On Christmas Day, open stockings in the morning, after tea/coffee/hot chocolate. Both the kids get new ornaments in their stockings, marked with their name and the date. (I totally forgot to do this this year, but luckily, Grandma got it.) So that when they go off to college, they'll have twenty or so ornaments to take with them. As they get older, they can pick them out themselves, earlier in the year.

Then Sri Lankan breakfast of hoppers (egg hoppers and sweet coconut milk hoppers and plain hoppers with a curry). Hoppers are labor-intensive, so will be reserved for special occasions in my family. A little downtime, and then perhaps around 9 or 10, the serious present-opening begins. Kevin's family lines up by order of size, and while it's sort of ridiculous, it's also charming. Someone wears the red Santa hat and is the Christmas elf. Ditto ridiculous, ditto charming. I plan to institute both traditions, hopefully lining up on the stairs and taking a photo every year. Although who takes the photo? Hmm.

Then presents, going around one by one, so we can properly ooh and aah over each one. Ideally, I'd like to advocate for at least one handmade gift from each person, but I'm not sure the rest of the family will go along with that. Maybe.

And then Christmas dinner, formal and Anglo, inviting some close friends to join us, perhaps. Christmas crackers (and the accompanying wearing of silly hats), a fine set table with china and crystal, a fancy meal. I'll actually change the dishes for this, to the cream and gold set of wedding china Kevin's mom passed down to me several years ago. Not sure exactly what we'll eat -- roast goose, Beef Wellington? Hmm. We may have to try a few options before we settle down to the favored tradition. Can you have a tradition of a new menu every year? Does that still feel like a tradition? Maybe a tradition that Daddy makes Christmas dinner? :-)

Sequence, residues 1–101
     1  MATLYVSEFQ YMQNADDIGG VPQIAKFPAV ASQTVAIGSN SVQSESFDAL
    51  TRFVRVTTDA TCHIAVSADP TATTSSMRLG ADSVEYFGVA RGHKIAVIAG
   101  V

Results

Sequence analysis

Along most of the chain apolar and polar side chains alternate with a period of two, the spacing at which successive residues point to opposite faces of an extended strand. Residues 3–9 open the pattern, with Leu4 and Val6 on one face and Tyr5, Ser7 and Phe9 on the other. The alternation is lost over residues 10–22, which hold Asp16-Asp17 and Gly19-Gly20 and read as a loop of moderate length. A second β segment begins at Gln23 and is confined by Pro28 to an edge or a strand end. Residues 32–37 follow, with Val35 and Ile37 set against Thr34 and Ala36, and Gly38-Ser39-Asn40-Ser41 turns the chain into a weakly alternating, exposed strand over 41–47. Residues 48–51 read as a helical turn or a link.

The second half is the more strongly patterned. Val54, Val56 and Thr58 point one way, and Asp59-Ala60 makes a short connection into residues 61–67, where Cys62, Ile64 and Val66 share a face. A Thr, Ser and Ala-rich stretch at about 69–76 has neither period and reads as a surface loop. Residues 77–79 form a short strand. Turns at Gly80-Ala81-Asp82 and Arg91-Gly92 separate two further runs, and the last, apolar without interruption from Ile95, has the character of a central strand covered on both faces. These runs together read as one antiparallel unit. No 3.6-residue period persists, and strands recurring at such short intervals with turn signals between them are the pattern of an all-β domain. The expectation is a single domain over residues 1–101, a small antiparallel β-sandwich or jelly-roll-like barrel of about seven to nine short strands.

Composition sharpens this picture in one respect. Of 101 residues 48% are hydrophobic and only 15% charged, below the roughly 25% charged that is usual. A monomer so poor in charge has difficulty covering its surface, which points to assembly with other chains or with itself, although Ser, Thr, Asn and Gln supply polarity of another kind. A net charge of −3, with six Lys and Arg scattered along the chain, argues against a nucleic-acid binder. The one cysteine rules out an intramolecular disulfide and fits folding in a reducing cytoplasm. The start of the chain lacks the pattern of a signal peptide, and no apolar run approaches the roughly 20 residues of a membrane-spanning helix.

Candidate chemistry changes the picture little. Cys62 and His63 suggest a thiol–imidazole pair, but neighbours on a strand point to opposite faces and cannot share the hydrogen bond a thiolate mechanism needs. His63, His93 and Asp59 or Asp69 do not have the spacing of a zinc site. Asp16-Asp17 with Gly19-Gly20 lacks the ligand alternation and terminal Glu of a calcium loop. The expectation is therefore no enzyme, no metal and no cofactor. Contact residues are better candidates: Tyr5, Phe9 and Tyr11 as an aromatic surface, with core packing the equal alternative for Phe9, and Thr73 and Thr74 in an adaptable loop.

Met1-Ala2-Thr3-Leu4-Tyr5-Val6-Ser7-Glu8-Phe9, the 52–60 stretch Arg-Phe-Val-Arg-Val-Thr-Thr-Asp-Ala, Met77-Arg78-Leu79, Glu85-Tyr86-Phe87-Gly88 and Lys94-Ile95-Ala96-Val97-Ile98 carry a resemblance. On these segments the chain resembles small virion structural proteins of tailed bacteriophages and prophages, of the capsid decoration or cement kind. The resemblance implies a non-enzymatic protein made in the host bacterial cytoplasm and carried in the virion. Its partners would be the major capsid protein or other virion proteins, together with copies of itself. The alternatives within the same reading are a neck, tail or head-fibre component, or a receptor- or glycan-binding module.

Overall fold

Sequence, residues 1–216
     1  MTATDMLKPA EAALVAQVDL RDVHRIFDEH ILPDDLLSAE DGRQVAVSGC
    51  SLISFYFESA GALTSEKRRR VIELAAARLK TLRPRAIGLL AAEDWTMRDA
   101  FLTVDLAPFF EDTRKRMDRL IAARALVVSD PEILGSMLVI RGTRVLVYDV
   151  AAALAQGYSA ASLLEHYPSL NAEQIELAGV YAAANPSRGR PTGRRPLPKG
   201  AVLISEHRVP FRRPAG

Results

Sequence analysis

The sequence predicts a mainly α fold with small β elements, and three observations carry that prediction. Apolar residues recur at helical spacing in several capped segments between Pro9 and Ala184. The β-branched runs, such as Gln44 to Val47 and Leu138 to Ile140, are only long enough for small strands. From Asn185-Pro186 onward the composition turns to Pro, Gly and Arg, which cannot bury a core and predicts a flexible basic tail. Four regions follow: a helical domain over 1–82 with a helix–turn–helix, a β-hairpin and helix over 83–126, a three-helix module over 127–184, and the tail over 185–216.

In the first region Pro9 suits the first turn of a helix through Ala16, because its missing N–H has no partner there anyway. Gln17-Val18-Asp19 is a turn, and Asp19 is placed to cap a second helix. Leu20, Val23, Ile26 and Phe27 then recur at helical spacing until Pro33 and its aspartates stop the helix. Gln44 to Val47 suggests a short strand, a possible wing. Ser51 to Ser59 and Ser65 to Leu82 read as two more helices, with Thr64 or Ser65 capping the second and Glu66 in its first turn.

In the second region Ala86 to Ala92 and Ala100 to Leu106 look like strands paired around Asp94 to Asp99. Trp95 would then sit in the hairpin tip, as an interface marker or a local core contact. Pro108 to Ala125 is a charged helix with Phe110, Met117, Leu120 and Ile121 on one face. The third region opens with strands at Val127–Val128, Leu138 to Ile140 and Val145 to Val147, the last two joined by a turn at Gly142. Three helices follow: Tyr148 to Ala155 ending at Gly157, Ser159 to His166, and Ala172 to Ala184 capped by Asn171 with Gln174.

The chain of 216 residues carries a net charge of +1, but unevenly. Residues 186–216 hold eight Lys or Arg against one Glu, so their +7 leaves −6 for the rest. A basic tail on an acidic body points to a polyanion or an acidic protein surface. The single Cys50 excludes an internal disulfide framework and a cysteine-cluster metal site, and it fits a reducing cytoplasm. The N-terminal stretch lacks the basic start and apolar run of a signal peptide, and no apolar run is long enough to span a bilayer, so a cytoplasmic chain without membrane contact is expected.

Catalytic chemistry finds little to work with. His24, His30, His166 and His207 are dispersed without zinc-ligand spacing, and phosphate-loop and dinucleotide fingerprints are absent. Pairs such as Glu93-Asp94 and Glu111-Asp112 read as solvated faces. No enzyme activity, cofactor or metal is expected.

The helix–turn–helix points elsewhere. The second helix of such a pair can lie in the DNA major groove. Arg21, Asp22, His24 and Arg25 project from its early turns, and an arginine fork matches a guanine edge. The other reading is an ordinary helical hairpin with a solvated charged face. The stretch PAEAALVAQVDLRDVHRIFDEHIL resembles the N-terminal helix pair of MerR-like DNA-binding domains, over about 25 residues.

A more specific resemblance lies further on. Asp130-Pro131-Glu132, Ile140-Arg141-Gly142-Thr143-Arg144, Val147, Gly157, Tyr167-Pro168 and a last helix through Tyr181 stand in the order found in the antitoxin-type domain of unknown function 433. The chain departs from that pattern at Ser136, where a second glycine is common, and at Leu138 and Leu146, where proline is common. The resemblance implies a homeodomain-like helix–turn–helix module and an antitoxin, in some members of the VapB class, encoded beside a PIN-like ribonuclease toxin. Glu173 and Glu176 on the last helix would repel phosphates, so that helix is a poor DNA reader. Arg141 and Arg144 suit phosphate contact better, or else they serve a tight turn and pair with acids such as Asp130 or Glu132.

And on New Year's Day, open house all day at our house. My friend Debbie does this in Oakland, and I think it's a lovely tradition -- I really enjoyed attending. Also a good way to use up any leftover holiday eggnog, mincemeat pie, etc. (Do I take down decorations before, or after, this?)